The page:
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I'm trying to find the limit of this sum: $$S_n =\frac{1}{n}\left(\frac{1}{2}+\sum_{k=1}^{n}\cos(kx)\right)$$ I tried to find a formula for the inner sum first and I ended up getting zero as an answer. The sum is supposed to converge to $\cot(x\over 2)$ and that appears in my last expression but it goes to zero. Here is what I got with a rather long and clumsy reasoning: $$S_n = \frac{1}{2n}\left(\cot\left(\frac{x}{2}\right)\sin(nx)+\cos(nx)\right)$$ Thanks in advance.

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Just write $\cos (kx)$ as the real part of $e^{ikx}$.

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  • $\begingroup$ I already did that but it didn't work. $\endgroup$ Sep 30 '18 at 20:39
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    $\begingroup$ Then the limit is 0. Why do you think the answer is a cotan ? $\endgroup$
    – user598294
    Sep 30 '18 at 20:42
  • $\begingroup$ I don't know either way, but it can't be zero because the question asks for an answer in terms of $x$ $\endgroup$ Sep 30 '18 at 20:43
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    $\begingroup$ You must have forgotten something. $\endgroup$
    – user598294
    Sep 30 '18 at 20:45
  • $\begingroup$ TheSilverDoe's proof convinced me and it has two different answers depending on the value of $x$ which solves my troubles, so yes not $\cot$, my bad. $\endgroup$ Sep 30 '18 at 20:54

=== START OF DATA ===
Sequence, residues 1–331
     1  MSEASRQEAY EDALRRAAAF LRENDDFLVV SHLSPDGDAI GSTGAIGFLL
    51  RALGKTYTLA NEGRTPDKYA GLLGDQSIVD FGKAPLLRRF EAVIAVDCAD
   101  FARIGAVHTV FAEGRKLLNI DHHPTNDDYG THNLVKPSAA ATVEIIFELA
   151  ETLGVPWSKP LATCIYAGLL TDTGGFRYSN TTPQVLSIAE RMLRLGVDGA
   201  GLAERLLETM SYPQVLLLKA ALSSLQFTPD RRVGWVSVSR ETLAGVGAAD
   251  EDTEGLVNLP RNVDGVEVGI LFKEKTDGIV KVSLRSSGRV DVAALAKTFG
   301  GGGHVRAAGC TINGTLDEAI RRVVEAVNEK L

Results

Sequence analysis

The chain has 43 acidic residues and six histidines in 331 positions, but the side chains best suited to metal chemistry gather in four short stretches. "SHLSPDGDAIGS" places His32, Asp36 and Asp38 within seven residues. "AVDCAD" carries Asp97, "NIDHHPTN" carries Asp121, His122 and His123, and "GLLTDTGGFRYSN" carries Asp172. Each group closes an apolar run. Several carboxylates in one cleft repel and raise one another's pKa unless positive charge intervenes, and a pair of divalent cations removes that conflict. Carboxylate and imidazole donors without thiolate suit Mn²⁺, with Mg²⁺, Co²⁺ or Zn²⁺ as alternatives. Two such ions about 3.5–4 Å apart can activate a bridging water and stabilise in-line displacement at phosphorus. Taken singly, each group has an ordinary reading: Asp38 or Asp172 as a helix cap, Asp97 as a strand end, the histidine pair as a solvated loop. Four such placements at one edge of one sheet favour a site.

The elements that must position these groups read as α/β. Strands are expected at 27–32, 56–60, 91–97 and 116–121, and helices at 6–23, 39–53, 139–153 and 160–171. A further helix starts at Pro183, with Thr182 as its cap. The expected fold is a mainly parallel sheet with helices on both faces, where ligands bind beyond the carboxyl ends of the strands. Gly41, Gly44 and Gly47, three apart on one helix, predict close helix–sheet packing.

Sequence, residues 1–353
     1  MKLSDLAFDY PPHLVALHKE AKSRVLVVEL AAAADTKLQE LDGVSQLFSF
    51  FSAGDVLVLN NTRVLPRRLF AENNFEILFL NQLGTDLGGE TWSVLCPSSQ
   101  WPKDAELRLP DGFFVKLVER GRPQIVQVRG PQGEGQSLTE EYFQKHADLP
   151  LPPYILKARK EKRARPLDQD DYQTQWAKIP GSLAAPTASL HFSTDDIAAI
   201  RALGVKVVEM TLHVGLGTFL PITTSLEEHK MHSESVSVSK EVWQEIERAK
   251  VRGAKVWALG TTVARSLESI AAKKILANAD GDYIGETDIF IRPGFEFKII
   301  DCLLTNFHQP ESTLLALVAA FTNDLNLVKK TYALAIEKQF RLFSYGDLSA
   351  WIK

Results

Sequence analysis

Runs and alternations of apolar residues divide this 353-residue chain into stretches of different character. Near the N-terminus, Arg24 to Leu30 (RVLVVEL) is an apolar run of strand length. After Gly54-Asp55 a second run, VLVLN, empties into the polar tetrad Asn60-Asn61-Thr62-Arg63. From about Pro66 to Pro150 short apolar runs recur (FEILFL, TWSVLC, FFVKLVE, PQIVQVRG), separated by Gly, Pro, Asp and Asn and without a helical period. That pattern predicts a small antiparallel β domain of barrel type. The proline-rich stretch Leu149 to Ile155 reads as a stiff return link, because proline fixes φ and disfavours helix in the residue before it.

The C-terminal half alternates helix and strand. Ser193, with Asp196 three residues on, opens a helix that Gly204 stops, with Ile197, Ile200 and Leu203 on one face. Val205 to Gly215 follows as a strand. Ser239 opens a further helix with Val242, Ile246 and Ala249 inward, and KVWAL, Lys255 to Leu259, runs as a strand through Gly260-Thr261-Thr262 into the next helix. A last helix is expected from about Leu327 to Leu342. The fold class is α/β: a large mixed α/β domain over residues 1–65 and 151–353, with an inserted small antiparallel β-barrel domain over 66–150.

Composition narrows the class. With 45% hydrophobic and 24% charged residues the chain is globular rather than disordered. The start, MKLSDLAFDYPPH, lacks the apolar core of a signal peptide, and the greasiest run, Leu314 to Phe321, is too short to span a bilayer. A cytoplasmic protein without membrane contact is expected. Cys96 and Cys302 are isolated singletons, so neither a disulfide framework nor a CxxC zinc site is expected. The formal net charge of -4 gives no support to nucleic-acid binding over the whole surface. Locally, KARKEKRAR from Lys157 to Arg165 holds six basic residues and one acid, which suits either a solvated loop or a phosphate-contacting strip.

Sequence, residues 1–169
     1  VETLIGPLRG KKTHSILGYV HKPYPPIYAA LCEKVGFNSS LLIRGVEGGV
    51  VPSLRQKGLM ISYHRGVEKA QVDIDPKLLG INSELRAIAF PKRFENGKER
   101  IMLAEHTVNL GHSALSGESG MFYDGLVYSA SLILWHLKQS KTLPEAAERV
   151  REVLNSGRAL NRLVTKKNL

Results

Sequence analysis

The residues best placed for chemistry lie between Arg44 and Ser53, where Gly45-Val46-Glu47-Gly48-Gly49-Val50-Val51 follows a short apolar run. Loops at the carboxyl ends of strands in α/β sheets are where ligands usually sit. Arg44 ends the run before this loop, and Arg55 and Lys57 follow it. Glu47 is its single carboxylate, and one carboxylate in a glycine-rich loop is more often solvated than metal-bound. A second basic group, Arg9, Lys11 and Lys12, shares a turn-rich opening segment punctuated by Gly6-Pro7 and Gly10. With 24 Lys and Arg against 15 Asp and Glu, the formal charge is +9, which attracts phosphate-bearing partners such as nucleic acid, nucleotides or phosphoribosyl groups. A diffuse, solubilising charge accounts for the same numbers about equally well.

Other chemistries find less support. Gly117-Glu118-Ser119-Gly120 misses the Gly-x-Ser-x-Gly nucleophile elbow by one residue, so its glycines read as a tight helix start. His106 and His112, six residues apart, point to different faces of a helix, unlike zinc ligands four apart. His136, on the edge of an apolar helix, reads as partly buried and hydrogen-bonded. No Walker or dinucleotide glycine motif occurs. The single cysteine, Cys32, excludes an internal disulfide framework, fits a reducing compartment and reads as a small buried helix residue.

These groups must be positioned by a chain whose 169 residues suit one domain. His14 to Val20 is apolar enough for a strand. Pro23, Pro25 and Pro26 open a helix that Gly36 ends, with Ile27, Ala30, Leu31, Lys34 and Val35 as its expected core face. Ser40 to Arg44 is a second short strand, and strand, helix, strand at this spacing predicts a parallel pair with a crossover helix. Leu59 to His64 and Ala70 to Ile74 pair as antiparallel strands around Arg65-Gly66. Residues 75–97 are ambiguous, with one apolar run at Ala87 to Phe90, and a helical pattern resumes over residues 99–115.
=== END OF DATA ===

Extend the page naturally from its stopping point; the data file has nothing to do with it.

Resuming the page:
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You have, for all $x \neq 2k\pi$, $$\sum_{k=1}^n \cos(kx) = \mathrm{Re}\left( \sum_{k=1}^n e^{ikx}\right) = \mathrm{Re}\left( e^{ix} \frac{1-e^{inx}}{1-e^{ix}} \right)$$

Moreover you have $$\left|e^{ix} \frac{1-e^{inx}}{1-e^{ix}}\right| \leq \frac{2}{|1-e^{ix}|}$$

So $$\left| \sum_{k=1}^n \cos(kx) \right| \leq \frac{2}{|1-e^{ix}|}$$

And therefore you get $S_n \rightarrow 0$.

If $x = 2k\pi$ for $k \in \mathbb{Z}$, you easily have $S_n \rightarrow 1$.

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  • $\begingroup$ Remember that $|e^{iz}|=1$ for all $z \in \mathbb{R}$. So by the triangle inequality, $|1-e^{inx}| \leq 2$. $\endgroup$ Sep 30 '18 at 20:48
  • $\begingroup$ Thank you very much, this was very helpful. $\endgroup$ Sep 30 '18 at 20:51
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Another view of the question.

Instead of taking the real part of $e^{ikx}$ as given by the answers from TheSilverDoe and AlexL, the complex exponential can be more symmetric:

$$\begin{align*} \cos kx &= \frac{e^{-ikx}+e^{ikx}}2\\ \frac12+\sum_{k=1}^n\cos kx &= \frac12\sum_{k=-n}^ne^{ikx}\\ &= \frac12 \cdot e^{-inx}\frac{e^{i(2n+1)x}-1}{e^{ix}-1}\\ &= \frac12 \cdot \frac{e^{i(n+1)x}-e^{-inx}}{e^{ix}-1}\\ &= \frac12 \cdot \frac{e^{i\left(n+\frac12\right)x}-e^{-i\left(n+\frac12\right)x}}{e^{i\frac12x}-e^{-i\frac12x}}\\ &= \frac12 \cdot \frac{\sin\left(n+\frac12\right)x}{\sin\frac12x}\\ S_n&= \frac{\sin\left(n+\frac12\right)x}{2n\sin\frac12x}\\ \end{align*}$$

When $e^{ix} \ne 1$, i.e. $x\ne 2\pi m$ for integer $m$, $S_n \to 0$.


For other $x$'s, i.e. when $x=2\pi m$,

$$\begin{align*} \cos kx = \cos 2\pi km &= 1\\ \sum_{k=1}^n\cos kx &= n\\ \frac12 + \sum_{k=1}^n\cos kx &= \frac12+ n\\ S_n &= \frac1n\left(\frac12 + n\right)\\ &= \frac1{2n} + 1\\ &\to 1 \end{align*}$$

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